The UN General Assembly has declared 2020 as the International year of Plant Health. The purpose of this is to ‘raise global awareness on how protecting plant health can help end hunger, reduce poverty, protect the environment, and boost economic development.’ (http://www.fao.org/plant-health-2020/en/)
Plants are the basis of all food chains—in that sense, all life on earth depends on plants for food. And as important—plants give us the oxygen we need to sustain life on earth. The role of plants and trees in regulating climate cannot be over-emphasized. So in very truth, plant health is fundamental to food security and environmental sustainability—the very basis of PEACE and PROSPERITY.
Yet, we don’t pay attention to keeping plants healthy. And that is why the UN has thought of declaring a special year for this.
As we step into the new year and are in the mood of making resolutions, here are a few related to plant health:
- Ensure that the you minimize use of chemical pesticides and fertilizers in your gardens and lawns. This is essential for long-term health of soil and plants.
- Avoid transporting plants and bio-products across borders while travelling, as these can become pests or lead to major pest attacks in alien ecosystems.
- Grow local plants, and support locally grown and local vegetables, fruits and other produce.
- Buy organically-grown produce.
And while we are on the subject, a tribute to one who worked in the area of plant health all his life.
Dr. HY Mohan Ram was one of India’s pre-eminent botanists. He taught Botany in Delhi University for over 40 years and guided over 35 doctoral students. He wrote textbooks, popularized science, was an eminent planner and science administrator. He recognized the importance of reaching out to young people in inculcating scientific temper. To quote: ‘A demanding but satisfying assignment taken up by me was as Chairman of the Committee for the preparation of biology textbooks for Classes XI and XII, sponsored by the NCERT.’ He mentions the goal of such an endeavour as inculcating in the student ‘a spirit of enquiry, creativity, objectivity, the courage to question, aesthetic sensibility and environmental awareness’. India owes him a huge debt–he was guru to generations of India’s botanists in one way or the other.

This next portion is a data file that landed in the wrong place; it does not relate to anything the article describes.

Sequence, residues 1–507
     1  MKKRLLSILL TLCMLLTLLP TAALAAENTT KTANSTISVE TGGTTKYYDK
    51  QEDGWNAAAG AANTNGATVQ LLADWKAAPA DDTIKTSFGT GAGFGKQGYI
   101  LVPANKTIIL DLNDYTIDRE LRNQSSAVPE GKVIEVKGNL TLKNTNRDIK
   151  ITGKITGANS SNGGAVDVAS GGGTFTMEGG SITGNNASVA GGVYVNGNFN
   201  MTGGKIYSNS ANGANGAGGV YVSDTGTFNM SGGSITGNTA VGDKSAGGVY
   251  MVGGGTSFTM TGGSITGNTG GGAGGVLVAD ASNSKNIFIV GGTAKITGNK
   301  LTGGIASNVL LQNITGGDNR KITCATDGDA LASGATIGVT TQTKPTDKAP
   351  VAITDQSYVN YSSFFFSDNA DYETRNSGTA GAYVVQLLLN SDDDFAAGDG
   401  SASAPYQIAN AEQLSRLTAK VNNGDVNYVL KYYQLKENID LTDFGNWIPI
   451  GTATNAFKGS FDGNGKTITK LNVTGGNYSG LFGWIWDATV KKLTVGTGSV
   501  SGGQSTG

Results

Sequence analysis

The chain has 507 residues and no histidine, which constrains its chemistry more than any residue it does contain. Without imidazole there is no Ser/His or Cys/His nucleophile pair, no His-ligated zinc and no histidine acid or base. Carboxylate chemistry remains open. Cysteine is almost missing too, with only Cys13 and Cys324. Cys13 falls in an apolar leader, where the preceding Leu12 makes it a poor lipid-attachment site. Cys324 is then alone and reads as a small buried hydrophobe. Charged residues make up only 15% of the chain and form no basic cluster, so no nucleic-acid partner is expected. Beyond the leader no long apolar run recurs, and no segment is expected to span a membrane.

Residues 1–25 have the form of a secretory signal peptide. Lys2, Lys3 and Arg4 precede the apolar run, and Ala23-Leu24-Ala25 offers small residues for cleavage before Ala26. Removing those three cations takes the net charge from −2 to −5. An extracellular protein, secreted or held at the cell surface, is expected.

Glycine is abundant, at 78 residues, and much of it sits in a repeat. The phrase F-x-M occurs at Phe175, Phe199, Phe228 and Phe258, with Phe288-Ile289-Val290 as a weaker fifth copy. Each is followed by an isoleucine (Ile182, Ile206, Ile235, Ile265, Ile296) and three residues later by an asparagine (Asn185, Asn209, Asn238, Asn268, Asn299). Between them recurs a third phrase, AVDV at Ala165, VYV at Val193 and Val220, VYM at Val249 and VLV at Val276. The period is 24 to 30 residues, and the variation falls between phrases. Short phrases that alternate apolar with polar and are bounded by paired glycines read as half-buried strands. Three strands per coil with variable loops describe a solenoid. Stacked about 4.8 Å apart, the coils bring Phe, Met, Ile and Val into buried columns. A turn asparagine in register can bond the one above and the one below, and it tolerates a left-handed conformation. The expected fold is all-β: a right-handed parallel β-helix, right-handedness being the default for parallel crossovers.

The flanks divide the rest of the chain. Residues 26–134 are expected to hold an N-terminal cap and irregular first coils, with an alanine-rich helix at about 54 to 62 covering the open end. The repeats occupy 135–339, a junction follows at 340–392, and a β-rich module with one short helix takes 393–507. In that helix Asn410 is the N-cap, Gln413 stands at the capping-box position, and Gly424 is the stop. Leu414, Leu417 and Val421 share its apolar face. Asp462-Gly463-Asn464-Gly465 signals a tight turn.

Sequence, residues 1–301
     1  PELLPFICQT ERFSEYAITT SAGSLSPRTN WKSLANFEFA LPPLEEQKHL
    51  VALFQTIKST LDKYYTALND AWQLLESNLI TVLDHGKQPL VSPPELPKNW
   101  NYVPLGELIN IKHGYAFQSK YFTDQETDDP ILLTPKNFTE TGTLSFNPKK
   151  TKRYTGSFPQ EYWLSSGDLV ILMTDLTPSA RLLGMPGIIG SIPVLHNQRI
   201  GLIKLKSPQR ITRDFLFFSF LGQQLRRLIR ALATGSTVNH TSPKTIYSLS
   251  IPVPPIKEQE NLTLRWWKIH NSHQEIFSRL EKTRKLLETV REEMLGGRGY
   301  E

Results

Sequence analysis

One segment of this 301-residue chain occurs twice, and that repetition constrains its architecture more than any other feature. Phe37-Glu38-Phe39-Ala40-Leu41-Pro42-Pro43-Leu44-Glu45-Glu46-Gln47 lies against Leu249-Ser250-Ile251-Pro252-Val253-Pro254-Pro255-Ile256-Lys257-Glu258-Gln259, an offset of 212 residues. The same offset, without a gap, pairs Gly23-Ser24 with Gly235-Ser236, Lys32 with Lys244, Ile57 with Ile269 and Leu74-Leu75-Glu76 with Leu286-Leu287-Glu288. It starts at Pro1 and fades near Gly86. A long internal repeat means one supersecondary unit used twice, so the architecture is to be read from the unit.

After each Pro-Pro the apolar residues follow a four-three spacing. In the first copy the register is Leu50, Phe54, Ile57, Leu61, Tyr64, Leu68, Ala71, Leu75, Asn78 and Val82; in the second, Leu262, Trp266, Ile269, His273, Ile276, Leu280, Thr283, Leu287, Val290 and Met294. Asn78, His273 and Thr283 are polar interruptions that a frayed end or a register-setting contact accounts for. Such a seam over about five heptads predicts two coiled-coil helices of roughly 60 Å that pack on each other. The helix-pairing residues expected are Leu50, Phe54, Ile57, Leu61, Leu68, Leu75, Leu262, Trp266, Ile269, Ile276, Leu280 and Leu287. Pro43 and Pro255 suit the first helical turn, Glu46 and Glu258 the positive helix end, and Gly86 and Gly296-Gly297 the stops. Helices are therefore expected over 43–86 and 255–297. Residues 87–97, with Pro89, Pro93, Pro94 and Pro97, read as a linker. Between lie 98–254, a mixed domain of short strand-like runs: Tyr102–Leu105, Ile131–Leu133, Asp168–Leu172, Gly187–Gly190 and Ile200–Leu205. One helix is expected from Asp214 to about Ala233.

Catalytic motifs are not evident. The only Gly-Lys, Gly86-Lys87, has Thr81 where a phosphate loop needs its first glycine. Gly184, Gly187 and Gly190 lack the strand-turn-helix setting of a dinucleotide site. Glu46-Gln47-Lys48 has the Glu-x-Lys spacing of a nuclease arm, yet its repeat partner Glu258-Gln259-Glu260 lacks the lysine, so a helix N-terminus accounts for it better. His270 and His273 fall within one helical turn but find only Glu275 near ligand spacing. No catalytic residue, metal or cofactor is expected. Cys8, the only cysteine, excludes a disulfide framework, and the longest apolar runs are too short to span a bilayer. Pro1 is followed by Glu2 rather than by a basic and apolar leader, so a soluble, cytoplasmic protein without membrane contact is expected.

Another dedicated botanist-environmentalist is Seema Bhatt. And her message is for aspiring women field scientists: ‘I have often worked in situations where I have been the only woman—a fact that has never bothered me. I have never been made to feel any different. I mention this to emphasize the fact that being a woman should not deter anyone from choosing a career like this.’
May we make and keep many resolutions to contribute to a better world!
Quotes from: ‘Walking the Wild Path’. CEE.